This film is by no means cheap. Even an expired roll can command a high retail price. But if you want a film that accentuates earth tone colors when cross processed, then this is the film to get.
Last year, I was able to get my hands on 5 rolls of Fujichrome Provia 400X film that expired in March 2010.
According to Fujifilm’s website, the Fujichrome Provia 400X is a “highly versatile film, perfect for landscape, nature, snapshot and portrait photography,” which “delivers the same vivid color reproduction and regulated gray balance as ISO 100 film.” Having seen photos of this film developed in E-6, I believe them. The photos I’ve seen are razor sharp for an ISO 400 film and when used before the expiry date.
But what happens when you cross process a roll that expired in March 2010? Well, the opportunity came when I was in Paris last year. As it was the start of winter, I knew I had limited sunlight, which meant an ISO 400 film was in order. Among my high speed films that I brought with me, were two rolls of the Fujichrome Provia 400x and I decided to use them first.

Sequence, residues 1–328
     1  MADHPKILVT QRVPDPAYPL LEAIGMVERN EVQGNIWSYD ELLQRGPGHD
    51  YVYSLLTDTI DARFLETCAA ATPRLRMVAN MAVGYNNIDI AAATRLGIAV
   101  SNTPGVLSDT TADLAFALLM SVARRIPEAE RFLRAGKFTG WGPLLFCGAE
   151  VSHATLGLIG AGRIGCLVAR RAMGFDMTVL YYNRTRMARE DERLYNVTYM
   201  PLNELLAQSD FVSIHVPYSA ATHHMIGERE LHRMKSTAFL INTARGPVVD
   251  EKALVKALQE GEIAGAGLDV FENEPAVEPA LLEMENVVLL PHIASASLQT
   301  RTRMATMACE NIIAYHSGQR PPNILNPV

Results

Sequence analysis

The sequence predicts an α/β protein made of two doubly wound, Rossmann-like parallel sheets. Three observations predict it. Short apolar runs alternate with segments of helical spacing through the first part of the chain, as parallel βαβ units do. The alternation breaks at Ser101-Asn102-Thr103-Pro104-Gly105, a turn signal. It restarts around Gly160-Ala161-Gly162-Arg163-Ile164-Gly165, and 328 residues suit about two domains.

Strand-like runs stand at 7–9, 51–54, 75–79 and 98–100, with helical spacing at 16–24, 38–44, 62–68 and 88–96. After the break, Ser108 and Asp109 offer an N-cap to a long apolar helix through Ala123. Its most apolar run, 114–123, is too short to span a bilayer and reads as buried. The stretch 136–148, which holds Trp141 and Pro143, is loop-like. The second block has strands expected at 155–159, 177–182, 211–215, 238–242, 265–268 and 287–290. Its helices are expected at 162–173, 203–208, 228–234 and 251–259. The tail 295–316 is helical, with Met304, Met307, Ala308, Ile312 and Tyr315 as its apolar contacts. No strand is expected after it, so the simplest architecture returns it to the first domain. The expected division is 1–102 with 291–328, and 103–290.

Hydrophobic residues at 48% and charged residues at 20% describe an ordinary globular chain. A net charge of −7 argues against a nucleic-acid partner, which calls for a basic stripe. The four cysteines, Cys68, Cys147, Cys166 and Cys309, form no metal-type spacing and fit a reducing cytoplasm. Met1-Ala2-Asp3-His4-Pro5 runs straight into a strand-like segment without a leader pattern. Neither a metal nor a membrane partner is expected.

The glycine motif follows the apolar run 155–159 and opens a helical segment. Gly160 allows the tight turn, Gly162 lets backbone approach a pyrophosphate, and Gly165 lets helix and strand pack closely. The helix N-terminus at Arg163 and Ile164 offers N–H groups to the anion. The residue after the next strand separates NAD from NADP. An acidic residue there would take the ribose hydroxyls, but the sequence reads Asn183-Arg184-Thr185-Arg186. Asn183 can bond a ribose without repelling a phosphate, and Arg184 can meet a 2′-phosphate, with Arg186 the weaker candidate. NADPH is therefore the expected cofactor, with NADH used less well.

I wasn’t sure what to expect, but when I got the photos back, I was truly surprised. The photos had so much character in them. The colors were muted and some slightly brownish, but I liked the way they turned out. Then it hit me. This particular batch of film in my bag accentuates earth tone colors.
As such, the Fujichrome Provia 400X was one of my slide films of choice when I had the rare chance to photograph some horses in Singapore.
Overall, I felt that cross processing the film did help enhance the color of the dark bay horses.
Based on my experience, there are no huge color shifts when cross processing these rolls of expired films. So if you want saturated and wacky colors, this is not the film for you. But if you want subtle hints of brown or orange, then this could be a film for you to try.